Renovating in Historic Districts in DC, Virginia, and Maryland
Washington, DC and the nearby municipalities in Maryland and Virginia have many residential areas designated as historic districts. A historic district may be a few blocks large or as large as a few square miles. Living in a historic district may have important implications for the shape and form of your renovation project as well as for the length and complexity of the permit process.
Regardless of whether you live in a historic district, our design department and craftsmen can detail the improvements to your home so that they blend seamlessly with its architectural style, both inside and out. This can include items such as having moldings milled to match unique original ones (so typical in many D.C. area homes) as well as matching other finishes with historically appropriate ones. At the same time, we can utilize contemporary building materials, systems and construction methods as well as contemporary space-planning principals to ensure the home is energy and space efficient.
Living in a historic district typically limits what modifications or improvements you can make to the front of the home, and publicly-visible side elevations. Depending upon the particular historic district, and whether your home is considered to be "contributing" or "non-contributing", limits may also be placed on the replacement materials permitted, particularly windows and front doors. Restrictions vary greatly by jurisdiction, from very restrictive to only minimally restrictive.
You will almost certainly not be limited by what alterations you make to the interior of your home. (Fore example, Landis Construction remodeled a home on the National Historic Register of Homes and there were no restrictions even there on the interior.)
In hyper-vigilant districts, particularly in parts of Georgetown, the rear elevation of the home may also be considered in the historic review process.
Landis Construction has the flexibility to either complete the historic review process for our clients, or provide basic orientation so that clients can complete the paperwork and/or legwork themselves.
The historic review process is in a fundamental sense about building community and neighborhood consent. Ensuring that various parties have opportunities to comment on the proposed changes is an important key to the process.
In most of the Washington DC's historic districts, the process is as follows:
1, The local Advisory Neighborhood Commission (ANC) needs to be informed of your remodeling intentions. While their approval is not required, it can be of some assistance in the process.
2, The local neighborhood's historic preservation association needs to be informed. Again, their approval isn't required, but can be helpful.
3, Each neighborhood in the District is assigned a DC Historic Preservation staff member. The appropriate staff member for the neighborhood in question is consulted at the beginning of the process. The staff member ultimately recommends (or doesn't recommend) a project and acts as an intermediary between the project architect and homeowner and the Historic Preservation Review Board (HPRB, the ultimate decision making authority). For smaller projects including front door or window changes or roofing modification, the staff member can often approve the project without needing to forward the project to a full Board review process.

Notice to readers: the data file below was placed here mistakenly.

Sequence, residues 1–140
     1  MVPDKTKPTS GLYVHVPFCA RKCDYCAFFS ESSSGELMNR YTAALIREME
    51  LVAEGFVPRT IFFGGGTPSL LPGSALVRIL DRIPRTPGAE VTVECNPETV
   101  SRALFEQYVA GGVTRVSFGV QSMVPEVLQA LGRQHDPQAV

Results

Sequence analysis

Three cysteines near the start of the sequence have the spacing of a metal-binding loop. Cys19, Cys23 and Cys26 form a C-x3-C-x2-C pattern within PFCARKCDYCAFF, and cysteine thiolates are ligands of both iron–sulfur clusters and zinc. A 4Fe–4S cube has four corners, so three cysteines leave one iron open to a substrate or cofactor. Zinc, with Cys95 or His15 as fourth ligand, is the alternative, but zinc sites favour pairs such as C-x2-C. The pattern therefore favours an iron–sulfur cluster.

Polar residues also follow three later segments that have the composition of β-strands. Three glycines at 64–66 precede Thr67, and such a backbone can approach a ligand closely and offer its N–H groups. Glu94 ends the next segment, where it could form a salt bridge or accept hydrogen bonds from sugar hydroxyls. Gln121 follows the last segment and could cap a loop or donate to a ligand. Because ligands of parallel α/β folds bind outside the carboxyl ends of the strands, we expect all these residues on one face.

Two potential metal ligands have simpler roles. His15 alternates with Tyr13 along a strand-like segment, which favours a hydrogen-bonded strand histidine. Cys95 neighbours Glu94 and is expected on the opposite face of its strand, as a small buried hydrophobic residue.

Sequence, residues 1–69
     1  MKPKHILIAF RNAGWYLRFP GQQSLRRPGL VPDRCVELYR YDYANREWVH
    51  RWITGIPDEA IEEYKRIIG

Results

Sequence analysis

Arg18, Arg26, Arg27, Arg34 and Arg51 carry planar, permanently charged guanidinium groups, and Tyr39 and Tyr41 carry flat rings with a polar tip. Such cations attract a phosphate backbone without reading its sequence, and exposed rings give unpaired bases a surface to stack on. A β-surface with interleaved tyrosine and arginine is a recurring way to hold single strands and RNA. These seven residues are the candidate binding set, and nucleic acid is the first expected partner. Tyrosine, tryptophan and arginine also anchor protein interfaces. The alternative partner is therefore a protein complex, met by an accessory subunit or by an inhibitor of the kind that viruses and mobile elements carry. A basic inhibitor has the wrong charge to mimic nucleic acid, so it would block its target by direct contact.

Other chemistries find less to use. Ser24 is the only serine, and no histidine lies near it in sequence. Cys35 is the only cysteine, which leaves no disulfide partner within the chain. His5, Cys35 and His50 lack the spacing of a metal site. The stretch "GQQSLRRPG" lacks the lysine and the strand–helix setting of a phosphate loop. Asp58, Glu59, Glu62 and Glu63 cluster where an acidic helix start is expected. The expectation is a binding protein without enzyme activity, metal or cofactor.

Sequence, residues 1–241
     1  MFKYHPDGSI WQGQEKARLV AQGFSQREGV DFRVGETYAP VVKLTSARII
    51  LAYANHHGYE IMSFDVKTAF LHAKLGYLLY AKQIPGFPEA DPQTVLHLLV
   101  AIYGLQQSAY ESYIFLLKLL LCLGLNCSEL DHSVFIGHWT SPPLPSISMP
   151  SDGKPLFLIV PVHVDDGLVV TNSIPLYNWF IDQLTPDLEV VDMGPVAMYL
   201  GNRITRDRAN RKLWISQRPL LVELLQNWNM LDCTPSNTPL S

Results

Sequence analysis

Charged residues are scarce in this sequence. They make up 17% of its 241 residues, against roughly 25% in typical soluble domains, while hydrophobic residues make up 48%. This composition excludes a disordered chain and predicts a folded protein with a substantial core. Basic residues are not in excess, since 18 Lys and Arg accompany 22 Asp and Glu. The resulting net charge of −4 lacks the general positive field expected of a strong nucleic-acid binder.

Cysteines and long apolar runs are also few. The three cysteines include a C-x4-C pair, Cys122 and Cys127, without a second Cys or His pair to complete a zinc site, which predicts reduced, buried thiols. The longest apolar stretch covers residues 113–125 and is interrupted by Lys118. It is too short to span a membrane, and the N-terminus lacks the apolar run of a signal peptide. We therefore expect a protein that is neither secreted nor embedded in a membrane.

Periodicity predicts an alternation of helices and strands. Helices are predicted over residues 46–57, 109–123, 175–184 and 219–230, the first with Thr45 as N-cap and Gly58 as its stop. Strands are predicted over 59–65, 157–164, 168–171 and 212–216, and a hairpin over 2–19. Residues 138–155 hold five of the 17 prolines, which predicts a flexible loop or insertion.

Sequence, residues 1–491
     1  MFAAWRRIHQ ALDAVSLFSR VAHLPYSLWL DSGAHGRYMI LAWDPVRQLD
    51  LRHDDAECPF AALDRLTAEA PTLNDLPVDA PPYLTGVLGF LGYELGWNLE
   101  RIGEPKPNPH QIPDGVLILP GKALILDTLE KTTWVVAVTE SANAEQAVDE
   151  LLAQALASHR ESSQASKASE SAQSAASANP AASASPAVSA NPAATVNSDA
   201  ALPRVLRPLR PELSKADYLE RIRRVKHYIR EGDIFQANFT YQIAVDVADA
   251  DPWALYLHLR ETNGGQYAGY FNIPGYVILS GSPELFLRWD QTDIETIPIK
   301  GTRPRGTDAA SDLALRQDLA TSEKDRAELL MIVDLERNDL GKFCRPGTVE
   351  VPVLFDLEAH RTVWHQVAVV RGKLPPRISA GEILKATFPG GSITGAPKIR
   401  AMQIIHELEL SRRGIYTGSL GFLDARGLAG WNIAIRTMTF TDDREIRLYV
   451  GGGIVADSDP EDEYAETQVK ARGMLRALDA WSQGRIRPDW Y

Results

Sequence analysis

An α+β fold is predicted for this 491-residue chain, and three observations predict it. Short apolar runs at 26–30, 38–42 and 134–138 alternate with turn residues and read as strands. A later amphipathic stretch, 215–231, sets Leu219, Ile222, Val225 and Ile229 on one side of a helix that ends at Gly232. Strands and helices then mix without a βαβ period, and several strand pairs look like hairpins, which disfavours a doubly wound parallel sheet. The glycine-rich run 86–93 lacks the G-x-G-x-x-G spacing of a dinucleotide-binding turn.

4, At the schematic design phase, drawing elevations and plan(s) of the proposed project along with photographs of the existing home and street and any other applicable materials are submitted to the HPRB, which meets monthly.
5, The HPRB sends notice to the applicant's neighbors concerning the remodeling intent and neighbors are invited to attend the "Consent" meeting.
6, Non-controversial projects are put on the consent calendar and applicants do not need to be present. An application to get on the "Consent Calendar" is due approximately one month before the meeting. More controversial projects will be placed on "the Agenda" which requires the owner or architect to make a presentation before the board.
7, For proposed renovation projects in Georgetown, materials are submitted first to the Old Georgetown Board (OGB) first. Generally if the OGB accepts a project, the HPRB will as well.
8, Georgetown, as with several other neighborhoods adjacent to "federal interests", is subject to the U.S. Fine Arts Commission which reviews proposed construction under the Old Georgetown Act and the Shipstead-Luce Act. According to the Commission of Fine Arts' website, "Specifically, the Shipstead-Luce Act applies to construction which fronts or abuts: the grounds of the Capitol; the grounds of the White House; the portion of Pennsylvania Avenue extending from the Capitol to the White House; Rock Creek Park; the National Zoo; Rock Creek and Potomac Parkways; the Mall Park System; Southwest Waterfront and Fort McNair."